B2B marketers are also my friend’s ideal audience.
I can create LinkedIn-related content B2B marketers love.
My friend has a channel B2B marketers already love, but he needs more content.
Sounds like a match made in heaven, right?
Who can you collaborate with to help your CEO’s thought leadership content spread further, faster?
Step 7: Love
When it comes to thought leadership love is passion, empathy, and good will.
Is your CEO excited about engaging in thought leadership and putting out content? If not, that lack of enthusiasm will show through and your ideal audience won’t engage.
Does your CEO fundamentally understand your ideal audience? Steve Jobs famously said “It’s really hard to design products by focus groups. A lot of times, people don’t know what they want until you show it to them.” Does your CEO have so much empathy for your ideal audience that she knows what they want better than they do?
Good will is more than the cherry on top, it’s the foundation to all successful relationships. If your CEO does everything else wrong, but has good will, your ideal audience will say “Hey, at least she means well,” and sometimes that’s enough to make all the difference. On the other hand, if she does everything else right but doesn’t really care about the audience, the audience will pick up on that lack of good will and then they won’t care what else the CEO has to say.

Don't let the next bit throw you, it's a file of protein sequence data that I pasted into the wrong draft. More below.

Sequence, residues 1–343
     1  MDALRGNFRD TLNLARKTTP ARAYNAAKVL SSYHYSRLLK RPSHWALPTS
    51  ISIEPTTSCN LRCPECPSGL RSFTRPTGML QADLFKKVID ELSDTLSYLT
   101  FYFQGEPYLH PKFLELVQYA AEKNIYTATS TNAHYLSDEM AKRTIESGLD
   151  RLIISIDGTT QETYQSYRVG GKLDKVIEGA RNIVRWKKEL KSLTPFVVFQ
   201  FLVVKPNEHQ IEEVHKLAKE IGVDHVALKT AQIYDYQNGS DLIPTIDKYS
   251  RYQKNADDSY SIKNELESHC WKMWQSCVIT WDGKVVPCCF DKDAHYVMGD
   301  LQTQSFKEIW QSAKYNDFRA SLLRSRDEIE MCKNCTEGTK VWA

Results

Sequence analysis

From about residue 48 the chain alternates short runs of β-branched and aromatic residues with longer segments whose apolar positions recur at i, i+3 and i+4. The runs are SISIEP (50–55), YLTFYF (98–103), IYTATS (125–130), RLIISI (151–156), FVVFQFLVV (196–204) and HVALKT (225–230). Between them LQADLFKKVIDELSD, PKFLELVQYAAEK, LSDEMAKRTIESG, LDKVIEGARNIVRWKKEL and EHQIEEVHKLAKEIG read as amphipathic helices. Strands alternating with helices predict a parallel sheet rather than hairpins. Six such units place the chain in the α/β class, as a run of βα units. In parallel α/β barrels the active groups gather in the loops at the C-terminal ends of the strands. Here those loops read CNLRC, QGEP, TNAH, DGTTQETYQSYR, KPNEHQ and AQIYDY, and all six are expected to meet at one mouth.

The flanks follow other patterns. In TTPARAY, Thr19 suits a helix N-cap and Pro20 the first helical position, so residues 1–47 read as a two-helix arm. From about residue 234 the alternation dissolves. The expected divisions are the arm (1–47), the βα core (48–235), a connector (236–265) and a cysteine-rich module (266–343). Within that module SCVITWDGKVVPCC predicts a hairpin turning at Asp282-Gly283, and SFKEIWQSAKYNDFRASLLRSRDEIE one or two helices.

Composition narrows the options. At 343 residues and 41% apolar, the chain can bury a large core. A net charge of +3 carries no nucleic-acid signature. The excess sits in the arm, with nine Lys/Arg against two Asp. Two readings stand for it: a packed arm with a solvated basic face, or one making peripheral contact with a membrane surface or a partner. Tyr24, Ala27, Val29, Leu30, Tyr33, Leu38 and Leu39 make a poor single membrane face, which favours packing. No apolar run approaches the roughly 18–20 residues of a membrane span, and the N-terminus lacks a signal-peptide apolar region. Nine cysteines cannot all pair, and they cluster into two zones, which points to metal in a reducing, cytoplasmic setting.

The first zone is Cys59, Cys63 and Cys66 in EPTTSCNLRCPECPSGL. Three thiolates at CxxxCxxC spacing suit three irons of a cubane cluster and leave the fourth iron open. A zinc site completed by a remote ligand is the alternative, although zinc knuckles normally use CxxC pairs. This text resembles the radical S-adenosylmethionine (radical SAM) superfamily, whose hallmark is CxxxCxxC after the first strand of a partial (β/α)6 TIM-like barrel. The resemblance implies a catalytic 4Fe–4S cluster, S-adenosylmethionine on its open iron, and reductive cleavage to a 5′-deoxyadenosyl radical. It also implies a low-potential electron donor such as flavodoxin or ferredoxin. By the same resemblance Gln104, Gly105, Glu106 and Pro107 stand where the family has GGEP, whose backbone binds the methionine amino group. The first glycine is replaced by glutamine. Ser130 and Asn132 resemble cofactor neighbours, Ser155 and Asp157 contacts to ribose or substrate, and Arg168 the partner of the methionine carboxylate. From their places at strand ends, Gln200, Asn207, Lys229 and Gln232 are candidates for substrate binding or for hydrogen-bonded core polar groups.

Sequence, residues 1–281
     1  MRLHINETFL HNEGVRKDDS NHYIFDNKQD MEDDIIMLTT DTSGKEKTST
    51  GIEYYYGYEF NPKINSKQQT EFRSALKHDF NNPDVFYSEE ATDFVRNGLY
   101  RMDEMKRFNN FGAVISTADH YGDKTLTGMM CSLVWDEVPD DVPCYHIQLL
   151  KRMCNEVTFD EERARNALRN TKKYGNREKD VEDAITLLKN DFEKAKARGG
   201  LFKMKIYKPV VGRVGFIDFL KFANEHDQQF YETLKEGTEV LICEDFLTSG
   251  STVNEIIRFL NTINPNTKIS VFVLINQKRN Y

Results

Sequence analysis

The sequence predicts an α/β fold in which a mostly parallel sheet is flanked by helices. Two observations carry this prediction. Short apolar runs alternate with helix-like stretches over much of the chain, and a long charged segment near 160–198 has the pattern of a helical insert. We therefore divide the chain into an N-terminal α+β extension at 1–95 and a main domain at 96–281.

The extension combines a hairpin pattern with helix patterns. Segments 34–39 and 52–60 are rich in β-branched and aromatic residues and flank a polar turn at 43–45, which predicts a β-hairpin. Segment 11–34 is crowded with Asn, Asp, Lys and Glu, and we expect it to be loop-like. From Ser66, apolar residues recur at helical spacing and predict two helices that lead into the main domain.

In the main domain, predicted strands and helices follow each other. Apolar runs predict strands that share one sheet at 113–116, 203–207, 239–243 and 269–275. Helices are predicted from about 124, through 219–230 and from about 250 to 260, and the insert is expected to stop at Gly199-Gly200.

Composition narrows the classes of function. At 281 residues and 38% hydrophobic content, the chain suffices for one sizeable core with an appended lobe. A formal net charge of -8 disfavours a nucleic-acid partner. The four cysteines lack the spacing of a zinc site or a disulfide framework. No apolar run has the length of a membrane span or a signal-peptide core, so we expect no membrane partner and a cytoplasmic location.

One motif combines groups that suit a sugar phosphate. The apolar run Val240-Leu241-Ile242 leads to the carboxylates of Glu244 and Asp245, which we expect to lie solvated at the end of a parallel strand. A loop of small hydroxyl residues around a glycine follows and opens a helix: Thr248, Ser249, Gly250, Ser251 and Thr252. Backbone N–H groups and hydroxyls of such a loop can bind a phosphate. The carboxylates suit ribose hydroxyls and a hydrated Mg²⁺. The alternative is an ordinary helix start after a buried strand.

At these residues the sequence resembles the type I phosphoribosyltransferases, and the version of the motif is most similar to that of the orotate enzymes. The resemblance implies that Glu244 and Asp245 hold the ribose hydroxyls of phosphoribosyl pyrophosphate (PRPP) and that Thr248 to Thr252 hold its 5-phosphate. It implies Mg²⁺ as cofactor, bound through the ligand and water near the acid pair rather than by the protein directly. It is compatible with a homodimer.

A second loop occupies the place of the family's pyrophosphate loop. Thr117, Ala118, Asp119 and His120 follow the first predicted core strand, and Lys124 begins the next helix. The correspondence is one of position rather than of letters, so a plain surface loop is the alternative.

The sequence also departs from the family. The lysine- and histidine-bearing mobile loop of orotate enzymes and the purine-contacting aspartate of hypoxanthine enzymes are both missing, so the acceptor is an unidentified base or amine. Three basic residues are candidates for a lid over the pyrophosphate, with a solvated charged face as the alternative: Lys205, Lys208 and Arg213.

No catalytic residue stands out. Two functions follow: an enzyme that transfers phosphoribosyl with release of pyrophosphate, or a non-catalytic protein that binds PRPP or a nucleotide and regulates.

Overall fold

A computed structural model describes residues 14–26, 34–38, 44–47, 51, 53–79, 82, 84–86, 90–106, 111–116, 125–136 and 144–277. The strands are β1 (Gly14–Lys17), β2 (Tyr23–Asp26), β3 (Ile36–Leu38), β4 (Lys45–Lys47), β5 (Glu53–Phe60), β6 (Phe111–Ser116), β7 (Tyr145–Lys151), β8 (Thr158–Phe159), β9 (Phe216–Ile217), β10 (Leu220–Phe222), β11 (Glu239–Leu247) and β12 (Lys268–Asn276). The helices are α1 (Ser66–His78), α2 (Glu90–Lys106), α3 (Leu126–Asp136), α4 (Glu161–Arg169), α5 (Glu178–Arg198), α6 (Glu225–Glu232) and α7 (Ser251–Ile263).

You need to turn your CEO into a thought leader. I want to help. In this story you’re the hero, and I want to be your trusted guide.
What I shared above are The 7 Systems of Influence, a framework I created to help individuals responsible for turning their CEO into a thought leaders.
What I shared is only a brief overview, and I’d love to share more with you and talk about how we can work together to help you look good as you help your CEO look good.
Want to chat? Shoot me an email at email@example.com.Liked it? Share it!